Brothers Jermaine, Tito, Jackie, and Marlon vibed 70s funk in those day-glo colors, but the frontman of the Jackson Five was the family’s seventh child. And although it was Michael the public came to see, the fuel behind this stage family was someone audiences never saw, a frustrated musician named Joseph Jackson, a father who spotted the glint of talent in his children and pushed them hard to polish it.

“He was the driving force behind getting us together, and I guess getting us to rehearse, and my mother showed us the love and I guess she gave us our voices really,” said Michael’s older brother, Jermaine, speaking last year to a British documentary crew. “My father was very, very strict. He was just one of those dads who wanted things to be right.”

“It did feel, in many respects, I think, that the kids felt that he was managing them and not really parenting them,” says J. Randy Taraborrelli, who wrote a biography of Michael Jackson. It is definitely unauthorized, but Taraborrelli has interviewed Jackson a dozen times.

Taraborrelli: “Things began to change for the Jacksons when Joseph decided that these kids were going to begin to toe the line and have to rehearse and be disciplined.”

Mankiewicz: “And rehearsing didn’t mean once a week.”

Taraborrelli: “No, they were rehearsing all the time, every day.”

Michael Jackson has said his father was more than just tough, that he beat young Michael. His father denies that and says whatever he did, it was with the aim of getting his family out of Gary, Ind., out of the two-bedroom, one-bathroom house where Joe and Catherine Jackson raised their nine children.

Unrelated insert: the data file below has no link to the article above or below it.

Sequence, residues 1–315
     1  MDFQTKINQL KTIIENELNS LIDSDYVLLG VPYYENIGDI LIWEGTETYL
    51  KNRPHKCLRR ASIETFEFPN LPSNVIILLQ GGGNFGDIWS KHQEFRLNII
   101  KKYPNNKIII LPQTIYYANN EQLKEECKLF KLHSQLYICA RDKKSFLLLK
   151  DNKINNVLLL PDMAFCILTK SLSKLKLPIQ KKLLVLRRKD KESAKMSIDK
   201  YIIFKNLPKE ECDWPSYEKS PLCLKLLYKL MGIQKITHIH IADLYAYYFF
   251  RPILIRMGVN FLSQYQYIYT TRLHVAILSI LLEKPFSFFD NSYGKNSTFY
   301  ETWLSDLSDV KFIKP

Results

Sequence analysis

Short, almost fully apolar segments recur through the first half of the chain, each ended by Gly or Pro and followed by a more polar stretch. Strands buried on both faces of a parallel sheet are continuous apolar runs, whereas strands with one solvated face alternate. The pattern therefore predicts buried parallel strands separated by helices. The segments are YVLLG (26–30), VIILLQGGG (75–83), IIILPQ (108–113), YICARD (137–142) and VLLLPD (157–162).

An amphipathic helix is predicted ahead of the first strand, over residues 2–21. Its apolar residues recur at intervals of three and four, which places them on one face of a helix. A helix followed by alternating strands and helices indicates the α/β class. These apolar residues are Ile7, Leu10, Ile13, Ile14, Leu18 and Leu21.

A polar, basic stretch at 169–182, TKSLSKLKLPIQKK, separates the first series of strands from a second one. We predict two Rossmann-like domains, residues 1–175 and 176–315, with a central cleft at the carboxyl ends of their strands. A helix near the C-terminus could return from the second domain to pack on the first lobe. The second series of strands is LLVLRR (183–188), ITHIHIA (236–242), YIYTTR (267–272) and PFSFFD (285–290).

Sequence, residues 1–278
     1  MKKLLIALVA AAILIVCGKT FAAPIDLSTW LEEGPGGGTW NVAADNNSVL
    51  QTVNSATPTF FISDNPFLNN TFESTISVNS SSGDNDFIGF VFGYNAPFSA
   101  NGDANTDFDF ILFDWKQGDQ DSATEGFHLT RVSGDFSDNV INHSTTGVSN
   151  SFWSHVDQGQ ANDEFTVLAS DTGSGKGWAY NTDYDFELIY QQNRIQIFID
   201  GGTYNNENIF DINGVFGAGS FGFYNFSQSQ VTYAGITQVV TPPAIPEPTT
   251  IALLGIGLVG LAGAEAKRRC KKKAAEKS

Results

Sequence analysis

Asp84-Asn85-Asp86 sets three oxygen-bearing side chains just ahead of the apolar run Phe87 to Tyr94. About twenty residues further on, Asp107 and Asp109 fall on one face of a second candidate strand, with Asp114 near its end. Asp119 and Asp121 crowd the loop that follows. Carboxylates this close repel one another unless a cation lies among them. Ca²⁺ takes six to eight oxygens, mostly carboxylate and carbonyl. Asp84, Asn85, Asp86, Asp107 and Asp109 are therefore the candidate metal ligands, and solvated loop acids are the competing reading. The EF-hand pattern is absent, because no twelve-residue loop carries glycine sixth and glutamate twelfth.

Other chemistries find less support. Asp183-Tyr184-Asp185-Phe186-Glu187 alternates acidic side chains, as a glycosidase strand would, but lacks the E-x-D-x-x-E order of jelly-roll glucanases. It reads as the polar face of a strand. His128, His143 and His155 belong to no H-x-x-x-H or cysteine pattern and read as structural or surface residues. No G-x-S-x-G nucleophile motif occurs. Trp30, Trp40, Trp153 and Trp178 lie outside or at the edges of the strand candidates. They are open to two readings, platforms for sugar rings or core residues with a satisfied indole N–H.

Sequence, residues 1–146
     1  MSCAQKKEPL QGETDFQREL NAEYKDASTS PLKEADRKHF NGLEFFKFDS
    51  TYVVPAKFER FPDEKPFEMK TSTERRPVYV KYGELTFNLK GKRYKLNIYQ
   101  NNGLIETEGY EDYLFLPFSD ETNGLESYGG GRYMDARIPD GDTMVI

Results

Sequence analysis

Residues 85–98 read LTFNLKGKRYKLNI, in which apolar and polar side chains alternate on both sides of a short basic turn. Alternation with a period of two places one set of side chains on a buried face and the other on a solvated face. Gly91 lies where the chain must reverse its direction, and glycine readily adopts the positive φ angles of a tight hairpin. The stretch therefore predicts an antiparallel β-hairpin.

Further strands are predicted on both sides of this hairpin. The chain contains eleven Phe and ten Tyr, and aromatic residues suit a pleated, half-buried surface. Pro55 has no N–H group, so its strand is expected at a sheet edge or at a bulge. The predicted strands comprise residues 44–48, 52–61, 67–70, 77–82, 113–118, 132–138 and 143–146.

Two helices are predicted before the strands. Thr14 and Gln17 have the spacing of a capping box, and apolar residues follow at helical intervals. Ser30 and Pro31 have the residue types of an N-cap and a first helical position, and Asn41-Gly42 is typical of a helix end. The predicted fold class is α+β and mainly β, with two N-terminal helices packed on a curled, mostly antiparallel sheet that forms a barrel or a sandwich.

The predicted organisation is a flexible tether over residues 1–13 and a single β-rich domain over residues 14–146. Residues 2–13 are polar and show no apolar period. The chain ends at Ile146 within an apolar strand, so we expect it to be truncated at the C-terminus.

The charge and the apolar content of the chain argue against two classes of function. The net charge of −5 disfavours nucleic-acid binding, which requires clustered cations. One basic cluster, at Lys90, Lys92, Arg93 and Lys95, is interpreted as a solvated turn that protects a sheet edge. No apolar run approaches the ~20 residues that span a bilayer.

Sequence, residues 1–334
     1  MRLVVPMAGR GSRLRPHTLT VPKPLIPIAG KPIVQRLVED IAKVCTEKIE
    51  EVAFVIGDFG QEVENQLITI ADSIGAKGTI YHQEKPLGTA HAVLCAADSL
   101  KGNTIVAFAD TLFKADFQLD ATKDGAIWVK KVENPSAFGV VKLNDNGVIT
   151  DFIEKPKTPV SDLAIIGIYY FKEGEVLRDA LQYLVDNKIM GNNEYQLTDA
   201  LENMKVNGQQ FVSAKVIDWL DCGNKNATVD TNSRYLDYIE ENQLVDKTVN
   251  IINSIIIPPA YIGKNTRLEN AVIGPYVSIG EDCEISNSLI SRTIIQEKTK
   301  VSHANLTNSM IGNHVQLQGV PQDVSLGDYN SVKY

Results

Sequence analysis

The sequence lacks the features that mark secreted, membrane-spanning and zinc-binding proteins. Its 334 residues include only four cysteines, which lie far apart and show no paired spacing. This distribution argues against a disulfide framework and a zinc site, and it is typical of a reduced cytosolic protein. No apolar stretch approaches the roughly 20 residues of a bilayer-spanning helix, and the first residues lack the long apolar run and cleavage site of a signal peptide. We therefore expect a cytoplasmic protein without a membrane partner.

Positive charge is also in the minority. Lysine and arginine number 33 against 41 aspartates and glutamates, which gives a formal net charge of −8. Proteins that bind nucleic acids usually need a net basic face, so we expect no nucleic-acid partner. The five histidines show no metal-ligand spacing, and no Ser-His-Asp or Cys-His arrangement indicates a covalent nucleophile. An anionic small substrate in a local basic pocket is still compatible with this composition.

“It was a close-knit family,” says Taraborrelli. “All they had, really, was each other.”

Michael was five when the group played their first paying gig at Mr. Lucky’s Lounge, where the pay was about $7.

But Joe Jackson’s dreams were bigger than that. And so the Jackson Five went to school during the day, then worked into the night, wherever they could. The closest thing they had to a hit was a song called “Big Boy.”

The family got three cents for every record sold, and promoting it was anything but glamorous. By his sixth birthday, Michael Jackson had performed to “Big Boy” in front of the audience at a number of strip clubs.

The Jacksons spent their boyhood and their adolescence in front of a microphone. And according to musician Bobby Taylor, who wrote and produced some of their early hits, that hurt one Jackson more than the others.

“The other boys got their childhood,” says Taylor. “Michael didn’t. He was never able to be that little kid.”

That would have an effect on Michael for years to come.

“I remember once we were out in Indiana where he was born,” says his former publicist, Lee Solters. “And we were in a limousine. And he was looking out on the fields. And he said, ‘You know, I was born here. I never had a childhood.’”

But when you’re a star about to burn more brightly than the rest...

“Sometimes there are things in life that you have to sacrifice to accomplish certain things at certain levels,” says Jermaine Jackson. “I guess the fact that he didn’t have a childhood is why he’s so great at what he does.”

Joe Jackson thought his sons were ready. So he turned to Bobby Taylor, who was impressed with little Michael.

“And he was singing like James Brown,” says Taylor. “And I’m saying, ‘This kid,’ I said, ‘How old is that little sucker out there?’”

He helped the group make a videotape audition, and sent it to Motown Records head Berry Gordy.

“I called Berry Gordy and I said, ‘Listen, man, we’ve got somebody better than The Beatles.’ I said, ‘This kid is gonna knock your socks off,’” says Taylor.

Gordy was looking for new acts. However, child acts could be hard to book and even harder to control. But Gordy stopped worrying about that after he saw the Jackson Five in their videotaped audition.

“Soon as he saw Michael Jackson with that voice, he realized that it was worth the investment,” says Taraborrelli.

With the stroke of a pen, Michael Jackson was headed for the big time. At the age of 10, the little boy from Gary, along with his brothers, had just signed a contract with one of the biggest record labels in the business.

© 2007 MSNBC Interactive